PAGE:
Educators tackle ITD's pasta structure challenge
“Ta-dah” turned to “uh-oh” for groups of teachers attempting to build freestanding towers out of dry spaghetti and bits of masking tape.
About 50 teachers participated in the ITD education outreach activity on Wednesday (Aug. 3) at Stevens-Henager College in Nampa where each leaning tower of pasta strained under the punishing weight of a single 0.2-ounce marshmallow.
ITD Engineer Monica Crider and Senior Human Resource Specialist Michelle George facilitated the session as part of the Idaho Department of Labor Business Educator Exchange.
The Business Educator Exchange is a partnership of the labor office in Canyon County, local businesses, Northwest Nazarene University and educators. Teachers earn professional development credits and learn strategies and activities that connect their curriculum to the workplace.
Department volunteers use the tower exercise frequently when they introduce students to engineering. This was the first time teachers participated in the activity, and George noticed a difference in how the groups performed.
“In my opinion, the teachers were much more worried about the rules versus getting the structures built,” George explained. “When working with students last month, they constructed the towers and then modified the structures to conform to the rules.”
Crider said she was surprised at how competitive people get when participating in the activity. “It’s amazing how spaghetti and a marshmallow can stir the competitive spirit,” she said. “They want to win.”
The 18-minute exercise, created by Peter Skillman, forces people to collaborate very quickly, according to Tom Wujec, a designer who uses design and technology to help groups solve problems and understand ideas.
Most people begin by orienting themselves to the task of building a tower, Wujec explains in an online video. They talk about it, figure out what it’s going to look like, jockey for power, and then they plan, sketch, organize material and lay out spaghetti.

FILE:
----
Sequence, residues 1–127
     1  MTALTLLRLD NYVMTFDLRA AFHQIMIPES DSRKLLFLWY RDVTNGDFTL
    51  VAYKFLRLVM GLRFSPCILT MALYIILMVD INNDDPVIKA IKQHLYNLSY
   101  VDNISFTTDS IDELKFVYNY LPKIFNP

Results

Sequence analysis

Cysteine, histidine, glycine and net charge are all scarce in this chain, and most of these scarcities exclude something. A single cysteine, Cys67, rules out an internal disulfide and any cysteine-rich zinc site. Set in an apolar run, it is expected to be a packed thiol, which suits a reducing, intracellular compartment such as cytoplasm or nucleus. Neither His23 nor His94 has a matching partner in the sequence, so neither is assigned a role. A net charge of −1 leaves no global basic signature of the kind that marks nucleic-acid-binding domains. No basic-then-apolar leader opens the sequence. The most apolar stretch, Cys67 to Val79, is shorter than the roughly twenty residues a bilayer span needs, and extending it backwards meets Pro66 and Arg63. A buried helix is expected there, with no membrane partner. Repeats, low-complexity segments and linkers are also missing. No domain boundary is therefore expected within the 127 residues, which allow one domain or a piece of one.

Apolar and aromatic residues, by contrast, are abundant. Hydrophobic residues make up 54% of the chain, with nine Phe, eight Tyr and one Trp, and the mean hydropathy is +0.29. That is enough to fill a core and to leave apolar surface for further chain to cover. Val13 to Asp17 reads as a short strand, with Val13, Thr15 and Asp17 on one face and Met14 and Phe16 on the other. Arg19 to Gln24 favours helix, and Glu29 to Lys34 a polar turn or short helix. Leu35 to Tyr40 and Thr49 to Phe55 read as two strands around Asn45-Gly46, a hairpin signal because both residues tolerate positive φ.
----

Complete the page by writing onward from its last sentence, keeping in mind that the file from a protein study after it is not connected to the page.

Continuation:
They spend much of their time building ever-growing structures until the last three minutes when they gingerly place the marshmallow on top, step back and watch as their “Ta-dah” moment typically turns into an “uh-oh” moment as the structure fails because of the weight of the marshmallow.
Wujec says that among groups that do poorly in the exercise are recent business school graduates. Kindergarten graduates, architects and engineers are some of the best performers.
More outreach activities are planned for the coming school year. For information about ITD’s outreach program or to volunteer, contact George at 334-8845 or e-mail her at firstname.lastname@example.org.
Photos: Fifty Canyon County teachers, in small groups of four (top), tackled ITD’s challenge to assemble a freestanding tower out of dry spaghetti capable of supporting a single large marshmallow. ITD’s Monica Crider (middle) measures the height of a completed tower structure. Nearly half the towers failed to remain standing when the marshmallow was added. A team of teachers (above left) analyzes construction materials available for completing the tower exercise. One team experiences a “ta-dah” moment (above right) when their tower remained standing and successfully supported a marshmallow.